The British media

The British newspaper spectrum from The Sun to the Financial Times (& copy picture alliance / Bildagentur-online)

The largely right-wing and conservative British daily newspapers have mobilized massively against remaining in the EU in recent months. The spearheads are The Sun, Daily Mail and The Daily Telegraph, who attack the "Eurocrats" in Brussels almost every day with comments, analyzes and columns. The equally influential conservative The Times and The Sunday Times, which, like The Sun, belong to Rupert Murdoch's media empire, argue comparatively cautious and balanced. The EU advocates receive journalistic support the most from the left-wing liberal daily newspapers The Guardian and The Independent and from the economically liberal Financial Times. The traditional BBC is committed to neutrality. However, many EU opponents accuse the broadcaster of supporting Prime Minister Cameron's pro-EU course with its type of reporting, the selection of interview partners and studies on the subject of Brexit.

Entrepreneur / employer

CBI director Carolyn Fairbairn (& copy picture-alliance, empics)

British entrepreneurs are divided on the Brexit issue. According to a survey by the UK Chamber of Commerce in April, only a slight majority of its members are in favor of remaining in the EU. Especially among the smaller companies that only supply the British market and do not export, many are in favor of leaving the EU. "The Brussels bureaucracy is holding back every single one of the 5.4 million British businesses," said an open letter signed by 300 business people critical of the EU and published in mid-May in the conservative daily "The Telegraph". The members of the Association of British Industries (CBI), on the other hand, to which mainly larger companies belong, were 80 percent against Brexit in a survey in March. An exit from the European Union would plunge the British economy into years of uncertainty because Britain would have to negotiate new trade agreements with its former EU partners, warned CBI Director General Carolyn Fairbairn.


Posters for the opening day of the TUC Congress in Brighton (& copy picture-alliance, empics)

The British trade union confederation TUC (Trades Union Congress) has clearly opposed Brexit. Exiting the EU would endanger four million jobs, especially in the export industry, warned TUC representative Owen Tudor in an interview with the dpa news agency. The business location would become less attractive if Great Britain lost its access to the domestic market. Workers 'representatives also fear that workers' rights will be undermined if Great Britain leaves the EU. Up to a million British employees would have to work longer after a Brexit, the TUC warned. "Brexit advocates make no secret of the fact that they want to lift working time restrictions. If they get their way, the 48-hour limit will be a thing of the past and your boss will be able to force you into 60 or 70 hours working week, "said TUC Secretary General Frances O'Grady.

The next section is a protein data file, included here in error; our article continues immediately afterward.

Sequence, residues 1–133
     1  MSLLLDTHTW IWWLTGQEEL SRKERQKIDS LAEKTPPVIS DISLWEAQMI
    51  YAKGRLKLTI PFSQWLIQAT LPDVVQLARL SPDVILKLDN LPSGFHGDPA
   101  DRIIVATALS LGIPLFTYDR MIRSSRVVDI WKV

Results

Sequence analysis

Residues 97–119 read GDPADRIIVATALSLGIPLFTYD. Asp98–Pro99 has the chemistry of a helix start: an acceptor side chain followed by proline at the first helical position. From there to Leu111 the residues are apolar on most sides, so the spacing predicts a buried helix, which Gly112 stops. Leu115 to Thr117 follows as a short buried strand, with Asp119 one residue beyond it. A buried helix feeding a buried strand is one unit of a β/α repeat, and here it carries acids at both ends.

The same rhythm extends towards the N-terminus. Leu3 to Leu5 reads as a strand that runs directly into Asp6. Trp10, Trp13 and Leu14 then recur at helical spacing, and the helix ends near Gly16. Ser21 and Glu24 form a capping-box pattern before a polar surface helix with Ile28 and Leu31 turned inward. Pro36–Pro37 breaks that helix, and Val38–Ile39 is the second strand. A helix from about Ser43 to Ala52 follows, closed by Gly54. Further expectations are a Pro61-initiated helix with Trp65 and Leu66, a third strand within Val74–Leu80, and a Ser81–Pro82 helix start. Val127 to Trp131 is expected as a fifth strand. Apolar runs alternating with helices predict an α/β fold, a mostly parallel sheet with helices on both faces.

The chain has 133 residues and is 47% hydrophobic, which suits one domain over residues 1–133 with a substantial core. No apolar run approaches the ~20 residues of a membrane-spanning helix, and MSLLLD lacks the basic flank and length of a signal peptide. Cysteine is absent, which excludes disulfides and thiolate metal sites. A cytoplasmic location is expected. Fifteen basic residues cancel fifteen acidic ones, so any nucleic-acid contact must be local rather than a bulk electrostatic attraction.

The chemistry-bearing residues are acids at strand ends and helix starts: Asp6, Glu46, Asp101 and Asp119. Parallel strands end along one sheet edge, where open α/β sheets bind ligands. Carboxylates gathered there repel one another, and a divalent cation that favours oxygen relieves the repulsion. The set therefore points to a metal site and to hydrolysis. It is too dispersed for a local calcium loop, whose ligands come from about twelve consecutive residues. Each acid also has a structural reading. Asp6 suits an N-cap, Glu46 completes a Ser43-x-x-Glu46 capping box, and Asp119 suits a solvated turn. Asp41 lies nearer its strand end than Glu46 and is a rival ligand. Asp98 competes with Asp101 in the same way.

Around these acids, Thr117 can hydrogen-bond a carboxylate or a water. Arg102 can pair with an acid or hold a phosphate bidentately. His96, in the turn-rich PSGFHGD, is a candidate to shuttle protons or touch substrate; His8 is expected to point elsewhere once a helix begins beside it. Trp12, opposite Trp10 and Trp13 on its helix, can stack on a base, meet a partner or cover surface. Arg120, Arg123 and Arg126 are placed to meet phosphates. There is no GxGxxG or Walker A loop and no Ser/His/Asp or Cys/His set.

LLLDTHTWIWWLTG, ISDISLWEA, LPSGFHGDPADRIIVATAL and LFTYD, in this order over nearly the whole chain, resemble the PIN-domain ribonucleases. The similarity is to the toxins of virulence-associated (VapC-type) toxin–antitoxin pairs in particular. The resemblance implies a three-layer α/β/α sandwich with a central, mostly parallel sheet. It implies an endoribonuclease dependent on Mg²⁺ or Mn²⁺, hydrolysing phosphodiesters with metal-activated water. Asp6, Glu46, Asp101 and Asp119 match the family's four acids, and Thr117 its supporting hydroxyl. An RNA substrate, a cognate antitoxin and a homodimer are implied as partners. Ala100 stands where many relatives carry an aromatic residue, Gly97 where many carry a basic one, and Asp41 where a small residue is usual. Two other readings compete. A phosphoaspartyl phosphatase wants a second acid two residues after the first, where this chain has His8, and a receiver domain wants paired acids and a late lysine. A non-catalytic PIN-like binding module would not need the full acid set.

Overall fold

The Queen

Queen Elizabeth II. - still neutral in political matters (& copy picture-alliance / dpa)

The Sun headlines with "Queen backs Brexit" (& copy picture-alliance / dpa)
The British royal family has traditionally been neutral on political issues. So there was great excitement when the EU-critical daily The Sun opened with the headline "Queen supports Brexit" in March. At a lunch with then Deputy Prime Minister Nick Clegg, Queen Elizabeth II allegedly claimed in 2011 that the EU was moving in the wrong direction, the Sun quoted an anonymous source from Buckingham Palace. He immediately denied that the monarch would remain neutral as in the past 63 years. Clegg, a vehement EU supporter, also criticized the report as "nonsense". The royal family officially complained to the British media regulator Ipso. This condemned the Sun's headline as "misleading".

The campaigns

Britain Stronger in Europe
Poster of the "Britain Stronger in Europe" campaign (& copy picture-alliance, empics)

"Britain Stronger in Europe" is the official campaign for Britain to remain in the EU. It was founded in October by Labor politician Will Straw and is led by Stuart Rose, former chairman of the board of directors of the retail company Marks & Spencer. At the start of the campaign, Rose said the EU was not perfect, but staying in it was "the patriotic course for Britain". Britain Stronger in Europe was the only one to apply to the UK Electoral Commission for official campaign status, which it received in April. Campaigns declared by the election commission to be a "lead campaign" are allowed to spend a total of seven million pounds (approx. 8.91 million euros) and are entitled to a public subsidy from tax revenues of 600,000 pounds (approx. 760,000 euros) for mail advertising and television broadcasts. The expenditure of the other registered campaigns, however, is limited to a maximum of 700,000 pounds (approx. 891,000 euros).

The campaign advertises the economic disadvantages that an exit from the EU would have for Great Britain. The UK needs to stay in the EU to protect thousands of UK businesses and jobs, campaign leader Stuart Rose told the International Business Times. According to the campaign's website, British science and the health system would also currently benefit from EU funding, which would then no longer apply. In addition, EU membership protects workers' rights and the rights of women.